Hi Damon – thanks for such a comprehensive comment. I do take your point, and I completely agree about the value of “getting out of the silo”. I do actually prefer the value-stream by value-stream approach (if only because my demonstrating success in one area, you can generate momentum to repeat it elsewhere). I guess the “low hanging fruit” I have in mind (here) is to introduce automated testing, iterative development and continuous build. These are pre-requisites to an effective DevOps culture in my mind, and making improvements in these areas will have the biggest impact in my organisation right now. I do think stepping towards DevOps after that makes perfect sense, and I think your model and approach has a lot to offer. I do think it may require specialist advice and assistance though… the value-stream mapping and time-analysis for example look pretty daunting to someone who has not approached them in a formal way before.

      1. damonedwards

        By packing it all into a 45 minute presentation I probably gave the impression that this is an heavy all or nothing prescriptive approach. That’s not the case in reality. Everyone goes about it a bit differently depending on their company’s culture and politics… it’s just that in the end the successful ones all sort of look like that general pattern.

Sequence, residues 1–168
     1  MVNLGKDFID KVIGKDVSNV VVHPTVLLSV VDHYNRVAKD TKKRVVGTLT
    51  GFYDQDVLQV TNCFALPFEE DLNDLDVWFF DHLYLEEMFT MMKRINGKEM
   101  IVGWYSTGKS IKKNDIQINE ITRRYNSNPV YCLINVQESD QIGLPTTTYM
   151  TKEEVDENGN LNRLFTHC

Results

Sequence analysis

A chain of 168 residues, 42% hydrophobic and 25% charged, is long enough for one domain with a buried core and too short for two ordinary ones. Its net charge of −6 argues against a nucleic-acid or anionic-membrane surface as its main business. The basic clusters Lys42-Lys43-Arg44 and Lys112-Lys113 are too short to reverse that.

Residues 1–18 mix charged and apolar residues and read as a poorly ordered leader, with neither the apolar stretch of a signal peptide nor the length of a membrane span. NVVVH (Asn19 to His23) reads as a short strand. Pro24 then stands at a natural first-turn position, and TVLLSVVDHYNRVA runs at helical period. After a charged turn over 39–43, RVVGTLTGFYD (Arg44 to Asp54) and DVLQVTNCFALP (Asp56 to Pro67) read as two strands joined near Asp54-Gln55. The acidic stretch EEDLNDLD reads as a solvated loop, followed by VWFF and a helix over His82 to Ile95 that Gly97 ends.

Like any skill, there are some orgs that can figure it out on their own and others who find it more productive to bring in a third party to help sort it all out. With the human complexity of culture and process issues, a third party often helps play neutral change agent (something you usually don’t have to worry about with bring in a new technology).

        Last thing regarding the allure of “low hanging fruit”… :)

        If the org is aligned, then low hanging fruit really is low hanging fruit. If it’s not, I’ve seen plenty of cases where people think something is obvious but the solution causes more problems. For example, I’ve seen plenty of automation solutions (everybody needs deployment automation, right?) in which the implementation caused it to become yet another silo. So then the team that implemented it was happy but the rest of the org was bottlenecking even worse. People would start to route around it and finger-pointing would ensure. Right goal but wrong implementation because nobody saw and really understood the whole.